Before we look at the types of benign tumors in dogs, let’s establish exactly what a benign tumor is. A tumor is an abnormal growth on the body and it can be either malignant or benign. Malignant means that the cells of the tumor are cancerous and they have the potential to spread (or metastasize) and invade other parts of the body. Benign tumors are made up of regular noncancerous cells, that overmultiply and produce a lump. These cells grow only in one place and cannot spread to other tissues and organs.
Canine benign tumors grow most often on senior dogs and overweight dogs. Most types of benign tumors in dogs are harmless and can be left alone. Some are removed because the size of the tumor interferes with the pet’s normal function or behavior, and some are removed for cosmetic reasons. Most are not dangerous unless they impinge on nerves or blood vessels.
If you were to find an unusual lump or bump on your precious pet, what should you do? The first step would be a visit to the vet. Your veterinarian can take a sample of cells from the tumor by way of a biopsy procedure. The tumor cells are then sent to a laboratory to be analyzed by a pathologist to determine if the growth is cancerous or benign. Once the results are in, the good doctor would be able to educate you as to what type of tumor it is and what should be done (if anything) to treat it. In the case of a benign tumor, the vet may simply ask you to just monitor and take note of any increase in size of the tumor.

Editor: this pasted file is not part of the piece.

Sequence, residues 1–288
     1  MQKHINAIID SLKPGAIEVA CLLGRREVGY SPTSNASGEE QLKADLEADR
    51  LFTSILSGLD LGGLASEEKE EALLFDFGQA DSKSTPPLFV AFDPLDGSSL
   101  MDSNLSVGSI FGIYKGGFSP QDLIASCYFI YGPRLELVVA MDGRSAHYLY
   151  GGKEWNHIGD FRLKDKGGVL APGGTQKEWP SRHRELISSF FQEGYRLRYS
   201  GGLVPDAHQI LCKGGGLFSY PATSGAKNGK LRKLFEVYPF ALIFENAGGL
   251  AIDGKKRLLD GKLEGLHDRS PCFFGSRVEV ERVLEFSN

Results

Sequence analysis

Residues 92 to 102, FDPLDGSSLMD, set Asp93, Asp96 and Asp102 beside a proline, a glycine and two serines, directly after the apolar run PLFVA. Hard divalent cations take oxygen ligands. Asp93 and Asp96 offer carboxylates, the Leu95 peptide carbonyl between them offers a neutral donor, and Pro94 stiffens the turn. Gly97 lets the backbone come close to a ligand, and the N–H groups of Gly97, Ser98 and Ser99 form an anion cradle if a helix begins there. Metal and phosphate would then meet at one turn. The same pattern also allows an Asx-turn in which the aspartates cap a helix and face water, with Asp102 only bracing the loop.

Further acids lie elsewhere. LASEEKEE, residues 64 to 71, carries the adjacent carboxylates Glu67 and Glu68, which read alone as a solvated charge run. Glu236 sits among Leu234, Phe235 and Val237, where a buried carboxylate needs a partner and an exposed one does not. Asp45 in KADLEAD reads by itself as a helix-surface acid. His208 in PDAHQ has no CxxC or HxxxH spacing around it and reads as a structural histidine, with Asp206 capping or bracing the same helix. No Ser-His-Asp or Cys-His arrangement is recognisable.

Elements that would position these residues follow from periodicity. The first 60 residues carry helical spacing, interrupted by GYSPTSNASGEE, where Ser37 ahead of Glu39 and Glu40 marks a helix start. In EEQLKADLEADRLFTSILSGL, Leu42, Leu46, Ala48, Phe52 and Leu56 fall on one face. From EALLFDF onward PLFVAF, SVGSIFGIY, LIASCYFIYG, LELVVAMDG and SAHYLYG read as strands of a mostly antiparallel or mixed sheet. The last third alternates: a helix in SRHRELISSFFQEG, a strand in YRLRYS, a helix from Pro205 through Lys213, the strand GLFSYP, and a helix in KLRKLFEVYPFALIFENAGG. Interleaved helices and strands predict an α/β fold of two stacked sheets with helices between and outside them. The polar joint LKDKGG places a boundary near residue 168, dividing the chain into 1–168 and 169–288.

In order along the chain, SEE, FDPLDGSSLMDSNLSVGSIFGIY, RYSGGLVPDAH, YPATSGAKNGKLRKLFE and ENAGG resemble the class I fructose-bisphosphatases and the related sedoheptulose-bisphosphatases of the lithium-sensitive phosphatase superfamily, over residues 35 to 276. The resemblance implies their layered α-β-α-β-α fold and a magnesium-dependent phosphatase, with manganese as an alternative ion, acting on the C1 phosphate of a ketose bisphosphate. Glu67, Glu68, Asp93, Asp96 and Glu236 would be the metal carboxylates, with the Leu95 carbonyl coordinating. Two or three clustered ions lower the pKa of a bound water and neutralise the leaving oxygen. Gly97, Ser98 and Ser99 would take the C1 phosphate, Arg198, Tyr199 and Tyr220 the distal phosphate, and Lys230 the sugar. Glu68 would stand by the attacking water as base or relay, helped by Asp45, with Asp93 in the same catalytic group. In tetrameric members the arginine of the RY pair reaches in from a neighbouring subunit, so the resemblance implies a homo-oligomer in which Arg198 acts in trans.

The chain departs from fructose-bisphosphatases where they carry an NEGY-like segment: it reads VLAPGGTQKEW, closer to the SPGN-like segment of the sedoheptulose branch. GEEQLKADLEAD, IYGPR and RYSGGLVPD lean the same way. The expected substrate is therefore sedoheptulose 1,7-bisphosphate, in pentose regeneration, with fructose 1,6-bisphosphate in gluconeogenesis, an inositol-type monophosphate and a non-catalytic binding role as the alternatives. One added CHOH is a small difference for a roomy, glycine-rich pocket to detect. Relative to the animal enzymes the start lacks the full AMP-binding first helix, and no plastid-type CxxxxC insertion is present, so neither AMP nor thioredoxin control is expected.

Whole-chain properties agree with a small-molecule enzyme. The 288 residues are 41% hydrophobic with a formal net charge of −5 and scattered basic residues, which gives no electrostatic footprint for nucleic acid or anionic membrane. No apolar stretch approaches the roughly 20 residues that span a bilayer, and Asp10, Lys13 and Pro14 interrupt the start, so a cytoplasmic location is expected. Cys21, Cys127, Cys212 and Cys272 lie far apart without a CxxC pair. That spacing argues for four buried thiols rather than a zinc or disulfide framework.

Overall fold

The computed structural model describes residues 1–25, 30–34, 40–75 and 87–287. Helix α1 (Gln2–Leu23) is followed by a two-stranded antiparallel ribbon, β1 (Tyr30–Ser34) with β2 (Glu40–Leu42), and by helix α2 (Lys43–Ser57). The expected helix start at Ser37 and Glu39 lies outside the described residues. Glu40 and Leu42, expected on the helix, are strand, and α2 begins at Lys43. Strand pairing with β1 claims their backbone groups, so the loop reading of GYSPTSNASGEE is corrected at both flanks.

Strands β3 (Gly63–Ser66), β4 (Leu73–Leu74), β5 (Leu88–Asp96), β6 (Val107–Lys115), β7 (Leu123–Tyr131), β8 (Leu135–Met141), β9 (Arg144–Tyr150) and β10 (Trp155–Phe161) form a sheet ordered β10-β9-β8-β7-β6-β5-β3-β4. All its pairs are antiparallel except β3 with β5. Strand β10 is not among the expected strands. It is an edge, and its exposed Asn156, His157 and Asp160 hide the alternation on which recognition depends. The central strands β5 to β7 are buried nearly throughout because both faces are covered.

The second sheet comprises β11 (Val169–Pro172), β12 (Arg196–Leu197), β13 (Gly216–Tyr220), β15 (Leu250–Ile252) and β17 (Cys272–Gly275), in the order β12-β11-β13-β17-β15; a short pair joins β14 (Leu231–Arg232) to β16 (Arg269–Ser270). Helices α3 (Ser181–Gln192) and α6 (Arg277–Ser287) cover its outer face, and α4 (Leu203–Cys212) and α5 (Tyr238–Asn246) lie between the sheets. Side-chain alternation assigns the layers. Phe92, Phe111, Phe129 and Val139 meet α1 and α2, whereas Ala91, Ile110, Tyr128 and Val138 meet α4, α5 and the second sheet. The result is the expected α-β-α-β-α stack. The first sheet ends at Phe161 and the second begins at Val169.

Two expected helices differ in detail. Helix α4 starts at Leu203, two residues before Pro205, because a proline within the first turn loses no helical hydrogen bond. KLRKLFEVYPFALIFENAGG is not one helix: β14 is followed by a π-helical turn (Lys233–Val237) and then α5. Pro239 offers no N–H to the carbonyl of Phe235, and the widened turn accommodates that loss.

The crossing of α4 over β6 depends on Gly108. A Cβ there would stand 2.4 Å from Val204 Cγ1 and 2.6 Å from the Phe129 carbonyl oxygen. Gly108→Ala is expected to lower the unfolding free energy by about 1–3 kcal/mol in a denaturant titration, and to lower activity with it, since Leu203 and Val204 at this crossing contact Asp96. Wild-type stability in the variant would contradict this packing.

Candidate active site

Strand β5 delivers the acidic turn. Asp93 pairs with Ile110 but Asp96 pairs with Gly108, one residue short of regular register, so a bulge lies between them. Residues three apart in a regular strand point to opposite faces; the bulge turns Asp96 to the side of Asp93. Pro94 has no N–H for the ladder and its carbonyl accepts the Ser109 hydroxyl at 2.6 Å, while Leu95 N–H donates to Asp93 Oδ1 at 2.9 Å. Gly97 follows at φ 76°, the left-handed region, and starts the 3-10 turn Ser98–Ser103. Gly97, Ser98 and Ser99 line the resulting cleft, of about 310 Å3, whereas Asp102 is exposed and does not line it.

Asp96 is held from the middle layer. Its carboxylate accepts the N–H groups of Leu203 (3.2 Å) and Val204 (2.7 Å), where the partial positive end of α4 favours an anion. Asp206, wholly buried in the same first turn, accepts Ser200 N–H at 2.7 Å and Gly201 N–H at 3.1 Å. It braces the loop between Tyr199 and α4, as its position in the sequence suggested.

Interesting Fact: Two species on our planet that rarely (if ever) get cancer, are the elephant and the naked mole rat.
Lipoma ~ The Fatty Tumor
Lipomas are commonly called “fatty tumors” because they originate from fat cells stored in your pet’s body. They grow subcutaneously (under the skin) and are not painful to your dog unless they grow to an uncomfortable size or are located on an awkward part of her anatomy (such as on the abdomen or between the front or rear legs).
Typically, this harmless fatty tumor grows very slowly and is most common in older, overweight dogs. For this reason, your veterinarian will likely want to just leave this benign tumor alone and not risk an anesthesia episode to remove it, unless absolutely necessary. The good doctor will likely have you intermittently monitor any tumor growth by measuring and recording it’s size.
Basal Cell Tumor
Basal cell tumors are fairly common in dogs and can be either benign or malignant, although less than 10% are malignant. Basal cells make up the bottom layer of the epidermis (skin), and when these cells abnormally divide excessively, a basal cell tumor develops.
These tumors usually appears as a hairless, firm, well-defined mass on the dog’s skin, typically around the animal’s head, neck or shoulders. They can vary in size, ranging from 1/10 of an inch to 4 inches in diameter. They are most commonly found on older dogs, especially older Poodles, Cocker Spaniels, and Wheaten Terriers.
Benign basal cell tumors aren’t usually bothersome unless they occur in an area of the dog’s body that she can scratch or chew. If this is the case, the growth can become ulcerated and infected. It’s always best to have your veterinarian evaluate the tumor as soon as you notice it.
Epulis ~ The Mouth Tumor